Whilst riding home from work on a sunny Summers day in Berlin, I spotted a massive billboard with the words “Primark Geoffnet Donnerstag 3 Juli”. Another Primark store was opening in central Berlin
I first encountered Primark when I last went to London about 18 months ago (yes I know i am so delayed). I remember stepping into the store and seeing masses of people, clasping masses of garments, standing in massive lines waiting for one of the masses of cash registers to be free. I didn’t get too far into the store, but on brief inspection the garments were made of super thin textiles and were fairly minimal in terms of detailing. The experience in the new Berlin store was no different.
I was happy to find some articles on the net showing that some Berliners chose to protest against the new store at Alexanderplatz.
The enormous shopping bags reflect the quantity of clothing girls and guys are collecting.
Why am I so anti Primark?
For me, Primark represents all that is wrong with the fashion industry.These companies prioritise the generation of mass profits without considering the environmental or ethical implications of their actions. As shoppers we need to think ‘If it’s too good to be true, then it probably is.’ When a garment is dirt cheap we should be wondering how this is possible. One of the major concerns with Primark is the working conditions of the people who make the clothes. Reports show that workers work long hours, for wages that they can barely live off. Safety issues have also come to light in recent years, particularly after the April 24 2013 Rana Plaza building collapse in Bangladesh. 1133 people died in this disaster, with many people significantly injured (Fashion Revolution).
Cheap, fast, throw away fashion is really what places Primark at the top of the Fast Fashion problem. Primark produces cheap, poor quality clothing which ultimately ends up in landfill. By having cheap, poor quality clothes, the clothes are less likely to survive many wears and are then disposed of. The fashion industry is responsible for producing 1 million tonnes of waste in our landfills (wasteonline) which is certainly an environmental concern.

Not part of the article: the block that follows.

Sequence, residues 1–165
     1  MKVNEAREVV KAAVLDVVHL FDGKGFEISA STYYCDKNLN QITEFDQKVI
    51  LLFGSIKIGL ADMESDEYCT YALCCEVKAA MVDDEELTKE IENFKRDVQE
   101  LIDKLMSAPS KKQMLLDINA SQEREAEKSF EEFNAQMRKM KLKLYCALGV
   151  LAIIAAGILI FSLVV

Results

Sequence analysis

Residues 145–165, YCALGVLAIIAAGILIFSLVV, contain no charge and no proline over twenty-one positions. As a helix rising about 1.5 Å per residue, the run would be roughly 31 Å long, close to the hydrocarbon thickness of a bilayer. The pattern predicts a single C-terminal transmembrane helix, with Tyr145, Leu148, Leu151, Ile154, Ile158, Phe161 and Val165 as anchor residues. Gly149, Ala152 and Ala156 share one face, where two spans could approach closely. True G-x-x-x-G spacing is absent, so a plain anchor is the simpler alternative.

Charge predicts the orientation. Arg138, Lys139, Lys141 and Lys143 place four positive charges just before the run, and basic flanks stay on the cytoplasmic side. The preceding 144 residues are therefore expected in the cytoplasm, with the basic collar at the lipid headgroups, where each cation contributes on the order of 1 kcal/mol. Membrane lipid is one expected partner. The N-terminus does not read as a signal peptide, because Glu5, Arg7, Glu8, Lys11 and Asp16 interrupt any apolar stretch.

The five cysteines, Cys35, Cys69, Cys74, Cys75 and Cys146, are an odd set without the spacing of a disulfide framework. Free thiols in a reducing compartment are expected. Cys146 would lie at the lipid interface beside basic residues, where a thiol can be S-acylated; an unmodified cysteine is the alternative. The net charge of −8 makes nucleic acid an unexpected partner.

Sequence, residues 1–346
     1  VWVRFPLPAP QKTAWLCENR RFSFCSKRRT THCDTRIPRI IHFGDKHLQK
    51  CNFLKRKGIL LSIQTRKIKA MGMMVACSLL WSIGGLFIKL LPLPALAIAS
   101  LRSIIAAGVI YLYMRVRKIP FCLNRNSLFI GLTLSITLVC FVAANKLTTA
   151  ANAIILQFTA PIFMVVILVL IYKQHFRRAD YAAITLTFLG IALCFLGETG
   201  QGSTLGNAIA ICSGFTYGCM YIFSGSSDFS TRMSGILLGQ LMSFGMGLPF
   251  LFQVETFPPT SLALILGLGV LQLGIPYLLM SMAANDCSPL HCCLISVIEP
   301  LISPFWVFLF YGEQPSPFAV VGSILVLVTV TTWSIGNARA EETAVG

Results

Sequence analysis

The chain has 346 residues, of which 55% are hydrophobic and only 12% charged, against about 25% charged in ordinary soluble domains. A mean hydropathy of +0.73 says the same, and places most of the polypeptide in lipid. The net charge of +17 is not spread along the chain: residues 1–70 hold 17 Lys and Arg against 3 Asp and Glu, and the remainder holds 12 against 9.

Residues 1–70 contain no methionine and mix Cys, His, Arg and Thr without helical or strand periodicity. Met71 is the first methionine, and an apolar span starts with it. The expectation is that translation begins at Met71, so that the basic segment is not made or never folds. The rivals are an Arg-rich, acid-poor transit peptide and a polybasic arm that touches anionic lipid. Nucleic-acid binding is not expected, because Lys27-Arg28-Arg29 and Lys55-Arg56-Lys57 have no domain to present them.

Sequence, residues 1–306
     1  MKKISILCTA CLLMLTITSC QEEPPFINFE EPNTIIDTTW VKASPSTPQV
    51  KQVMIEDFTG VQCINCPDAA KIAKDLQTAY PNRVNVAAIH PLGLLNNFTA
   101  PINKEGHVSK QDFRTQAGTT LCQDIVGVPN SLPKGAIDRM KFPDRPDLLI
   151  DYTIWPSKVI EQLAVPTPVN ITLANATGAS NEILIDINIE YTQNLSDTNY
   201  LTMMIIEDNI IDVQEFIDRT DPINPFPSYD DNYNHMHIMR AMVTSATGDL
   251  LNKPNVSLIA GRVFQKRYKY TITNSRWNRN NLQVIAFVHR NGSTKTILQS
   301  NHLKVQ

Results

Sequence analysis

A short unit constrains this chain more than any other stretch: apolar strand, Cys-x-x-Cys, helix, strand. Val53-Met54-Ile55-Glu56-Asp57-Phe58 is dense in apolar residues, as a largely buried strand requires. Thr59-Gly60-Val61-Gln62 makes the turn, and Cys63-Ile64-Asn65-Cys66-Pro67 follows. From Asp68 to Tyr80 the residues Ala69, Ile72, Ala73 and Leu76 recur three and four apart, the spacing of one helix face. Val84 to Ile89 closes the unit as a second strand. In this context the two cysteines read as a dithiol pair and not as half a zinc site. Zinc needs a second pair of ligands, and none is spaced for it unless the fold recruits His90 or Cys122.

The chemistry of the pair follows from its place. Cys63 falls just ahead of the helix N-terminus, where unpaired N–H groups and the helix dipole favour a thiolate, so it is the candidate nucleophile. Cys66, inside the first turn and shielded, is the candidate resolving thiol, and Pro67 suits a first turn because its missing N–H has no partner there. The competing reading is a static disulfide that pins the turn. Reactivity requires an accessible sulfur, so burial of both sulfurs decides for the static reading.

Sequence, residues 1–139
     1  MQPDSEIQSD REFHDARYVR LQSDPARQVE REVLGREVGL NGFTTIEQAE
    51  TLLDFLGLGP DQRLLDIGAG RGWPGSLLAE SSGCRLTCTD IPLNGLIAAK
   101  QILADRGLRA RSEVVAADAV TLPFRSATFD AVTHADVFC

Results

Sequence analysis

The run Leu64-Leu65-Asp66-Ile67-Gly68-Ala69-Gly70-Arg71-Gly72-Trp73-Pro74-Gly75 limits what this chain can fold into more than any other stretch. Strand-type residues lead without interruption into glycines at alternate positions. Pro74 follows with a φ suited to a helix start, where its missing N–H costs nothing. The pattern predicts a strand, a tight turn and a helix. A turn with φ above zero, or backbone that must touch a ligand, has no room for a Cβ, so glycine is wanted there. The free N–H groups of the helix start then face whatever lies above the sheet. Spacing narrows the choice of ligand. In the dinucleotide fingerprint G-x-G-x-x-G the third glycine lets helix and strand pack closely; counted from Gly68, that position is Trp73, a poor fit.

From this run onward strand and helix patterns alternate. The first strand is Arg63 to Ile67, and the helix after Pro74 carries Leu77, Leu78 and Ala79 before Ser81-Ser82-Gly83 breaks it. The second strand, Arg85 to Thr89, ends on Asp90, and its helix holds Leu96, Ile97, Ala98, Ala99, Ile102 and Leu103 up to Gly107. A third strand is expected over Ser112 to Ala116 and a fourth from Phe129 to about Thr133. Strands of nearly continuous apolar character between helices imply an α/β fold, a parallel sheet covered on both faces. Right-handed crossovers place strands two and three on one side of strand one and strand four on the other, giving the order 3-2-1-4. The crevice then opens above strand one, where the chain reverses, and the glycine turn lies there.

‘If it’s too good to be true, then it probably is.’
Environmental and ethical concerns also branch into textile production. Chemicals are used in farming practices as well as textile production where farmers experience medical related problems (Textile Exchange). Waterways also suffer, where chemicals are flushed into them and consequently poisoning the surrounding wildlife, communities and environment. The large quantity of water needed to produce cotton is also a massive environmental concern, with the Indian textile industry gulping an estimated ‘425,000,000 gallons of water every day  to process the fabrics it produces.’ (O Ecotextiles)
What do we need to start doing?
Be curious! Like the Fashion Revolution advocates. Think about where your clothes come from. For the sewers/designers, think about where your textiles come from. We need to put pressure on these organisations to improve standards in their factories. We also need to reconsider the amount of fsahion that we consume. Instead of buying 3 cheap tshirts, buy one tshirt made of better quality, more ecologically responsible materials.
This documentary gives some insight into the ongoing human rights problems within the fashion industry
Fashion Revolution. Retrieved from http://fashionrevolution.org/
O Ecotextiles. Retrieved from https://oecotextiles.wordpress.com/2010/02/24/
Textile Exchange. Making informed choices. Retrieved from http://textileexchange.org/content/making-informed-choices
Wasteonline. Retrieved from http://www.wasteonline.org.uk/